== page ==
“Oops, your toilet kit is about to fall,” he zeroes in on Lorie’s zipper bag with a prescription medicine bottle peeking out the top. Casually confirming that it is indeed Lorie’s name on the label, he tucks everything away and closes the door. Smiling, he hands our passports back to us and wishes us a good trip.
Our fuel gauge indicates 1/4 tank so I begin looking for a station. And looking, and looking.
And looking …
We drive for miles and miles through the dense Maine forest without seeing so much as a house, the endless steep hills sapping our speed and our precious fuel. The ups and downs, lefts and rights throw the needle all over, but mostly it hovers in the worrisome orange zone.
I slow to 50 mph to conserve fuel, I coast downhill, and briefly consider stopping at a Highway Department depot to siphon a gallon of fuel from an idle snow plow. As I drive, I recall the bottle of Diesel Kleen fuel additive I carry under the bench seat, and I mentally calculate how far a full quart of the stuff will get me.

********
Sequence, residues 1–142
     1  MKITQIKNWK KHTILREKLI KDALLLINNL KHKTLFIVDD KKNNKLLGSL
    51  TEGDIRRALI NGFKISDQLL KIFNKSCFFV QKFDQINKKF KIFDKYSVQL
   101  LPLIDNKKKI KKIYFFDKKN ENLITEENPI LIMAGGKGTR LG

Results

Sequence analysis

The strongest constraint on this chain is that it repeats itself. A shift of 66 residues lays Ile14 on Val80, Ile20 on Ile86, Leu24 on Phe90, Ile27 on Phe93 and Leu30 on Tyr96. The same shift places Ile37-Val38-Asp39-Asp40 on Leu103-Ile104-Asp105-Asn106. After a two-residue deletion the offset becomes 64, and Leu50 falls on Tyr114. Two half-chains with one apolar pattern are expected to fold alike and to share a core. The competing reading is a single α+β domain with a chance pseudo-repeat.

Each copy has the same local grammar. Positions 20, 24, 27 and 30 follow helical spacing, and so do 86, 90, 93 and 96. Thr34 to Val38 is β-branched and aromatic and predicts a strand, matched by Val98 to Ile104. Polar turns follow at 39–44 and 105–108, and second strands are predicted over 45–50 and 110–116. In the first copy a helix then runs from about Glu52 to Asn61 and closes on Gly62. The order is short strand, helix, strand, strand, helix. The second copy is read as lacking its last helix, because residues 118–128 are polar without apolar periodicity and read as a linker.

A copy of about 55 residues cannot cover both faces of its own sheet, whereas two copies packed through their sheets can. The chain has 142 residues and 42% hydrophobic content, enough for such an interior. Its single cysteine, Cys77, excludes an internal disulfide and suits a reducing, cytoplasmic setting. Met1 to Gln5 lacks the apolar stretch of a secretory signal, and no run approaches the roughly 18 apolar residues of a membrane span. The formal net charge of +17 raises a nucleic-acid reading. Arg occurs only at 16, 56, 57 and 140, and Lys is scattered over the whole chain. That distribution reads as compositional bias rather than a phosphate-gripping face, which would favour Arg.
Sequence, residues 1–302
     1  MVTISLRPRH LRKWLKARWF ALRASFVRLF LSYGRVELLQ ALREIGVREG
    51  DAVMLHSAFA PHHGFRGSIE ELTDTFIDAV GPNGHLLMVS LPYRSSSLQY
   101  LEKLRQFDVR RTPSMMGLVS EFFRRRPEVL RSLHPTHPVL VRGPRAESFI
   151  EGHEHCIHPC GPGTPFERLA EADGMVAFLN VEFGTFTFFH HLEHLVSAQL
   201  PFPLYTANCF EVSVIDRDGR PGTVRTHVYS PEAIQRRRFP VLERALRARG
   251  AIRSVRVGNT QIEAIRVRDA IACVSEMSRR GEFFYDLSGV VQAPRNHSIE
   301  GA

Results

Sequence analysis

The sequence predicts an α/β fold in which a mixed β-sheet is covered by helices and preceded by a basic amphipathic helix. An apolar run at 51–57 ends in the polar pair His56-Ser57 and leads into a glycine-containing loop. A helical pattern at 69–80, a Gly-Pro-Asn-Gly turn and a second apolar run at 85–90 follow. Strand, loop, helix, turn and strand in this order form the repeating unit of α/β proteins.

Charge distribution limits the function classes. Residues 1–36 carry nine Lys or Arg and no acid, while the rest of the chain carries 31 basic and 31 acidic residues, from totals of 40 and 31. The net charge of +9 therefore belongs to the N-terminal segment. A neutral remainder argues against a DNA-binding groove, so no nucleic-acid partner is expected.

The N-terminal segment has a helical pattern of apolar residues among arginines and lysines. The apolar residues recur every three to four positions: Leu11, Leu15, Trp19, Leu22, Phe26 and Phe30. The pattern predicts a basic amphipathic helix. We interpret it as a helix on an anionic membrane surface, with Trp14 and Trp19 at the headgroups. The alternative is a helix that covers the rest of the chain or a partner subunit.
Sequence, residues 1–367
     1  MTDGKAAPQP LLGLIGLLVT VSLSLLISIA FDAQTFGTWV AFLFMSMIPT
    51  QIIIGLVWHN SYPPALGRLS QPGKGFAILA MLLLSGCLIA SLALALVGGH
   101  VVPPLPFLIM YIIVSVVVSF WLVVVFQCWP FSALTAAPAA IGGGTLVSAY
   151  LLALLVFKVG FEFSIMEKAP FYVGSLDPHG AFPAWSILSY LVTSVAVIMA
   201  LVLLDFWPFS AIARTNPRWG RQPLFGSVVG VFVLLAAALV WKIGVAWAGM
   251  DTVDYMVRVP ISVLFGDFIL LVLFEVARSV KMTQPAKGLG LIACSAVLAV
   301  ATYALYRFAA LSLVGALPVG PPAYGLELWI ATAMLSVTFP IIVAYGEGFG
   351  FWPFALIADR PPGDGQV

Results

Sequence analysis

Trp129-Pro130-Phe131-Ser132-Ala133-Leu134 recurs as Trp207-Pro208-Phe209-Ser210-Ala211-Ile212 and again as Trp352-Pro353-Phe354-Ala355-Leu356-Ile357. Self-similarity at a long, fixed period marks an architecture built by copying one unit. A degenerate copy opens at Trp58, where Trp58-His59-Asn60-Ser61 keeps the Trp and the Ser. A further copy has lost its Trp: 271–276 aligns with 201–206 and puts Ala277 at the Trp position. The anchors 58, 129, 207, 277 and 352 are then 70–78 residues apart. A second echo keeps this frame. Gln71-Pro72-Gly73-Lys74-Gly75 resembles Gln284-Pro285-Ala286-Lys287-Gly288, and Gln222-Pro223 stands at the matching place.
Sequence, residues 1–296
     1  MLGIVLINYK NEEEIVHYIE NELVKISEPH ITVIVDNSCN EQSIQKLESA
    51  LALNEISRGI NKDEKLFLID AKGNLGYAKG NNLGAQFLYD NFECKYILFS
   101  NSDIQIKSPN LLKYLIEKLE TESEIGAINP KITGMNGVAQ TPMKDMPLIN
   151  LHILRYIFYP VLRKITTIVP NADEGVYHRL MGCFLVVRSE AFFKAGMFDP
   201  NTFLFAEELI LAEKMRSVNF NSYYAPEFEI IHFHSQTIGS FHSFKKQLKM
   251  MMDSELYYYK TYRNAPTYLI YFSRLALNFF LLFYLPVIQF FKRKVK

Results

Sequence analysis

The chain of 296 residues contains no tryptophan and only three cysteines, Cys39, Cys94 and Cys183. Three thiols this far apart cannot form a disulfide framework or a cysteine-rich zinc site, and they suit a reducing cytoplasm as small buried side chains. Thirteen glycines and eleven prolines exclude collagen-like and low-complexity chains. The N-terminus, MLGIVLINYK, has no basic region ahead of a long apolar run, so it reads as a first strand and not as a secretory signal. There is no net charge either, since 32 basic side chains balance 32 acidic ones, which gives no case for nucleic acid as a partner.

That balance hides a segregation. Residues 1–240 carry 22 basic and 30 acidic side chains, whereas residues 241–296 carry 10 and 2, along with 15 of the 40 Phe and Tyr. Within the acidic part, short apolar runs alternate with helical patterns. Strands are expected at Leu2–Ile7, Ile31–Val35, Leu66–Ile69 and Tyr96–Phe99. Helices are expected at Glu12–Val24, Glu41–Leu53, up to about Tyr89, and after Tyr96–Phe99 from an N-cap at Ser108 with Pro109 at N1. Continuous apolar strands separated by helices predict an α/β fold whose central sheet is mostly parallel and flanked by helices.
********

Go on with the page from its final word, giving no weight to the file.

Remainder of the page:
Lorie boots up a fuel station finder app, but the regional map looks as dismal as a nighttime satellite photo of North Korea …
Hopefully, we pull into a roadside diner with two pumps out front, but they’re both gasoline. I go inside where I find a lone skinny kid in a dirty smock inexplicably frying up ten pounds of bacon on a Tuesday afternoon, and I ask him where the nearest diesel can be found.
“Fifteen miles that way,” he points with his greasy spatula. “You going that way?”
“I am now …”
We finally coast into Richie’s General Store on kerosene fumes. I open the nozzle and the pump runs and runs and runs …
When I go inside to pay, the checkout girl asks if I realize that I just pumped my old VW van full of diesel fuel?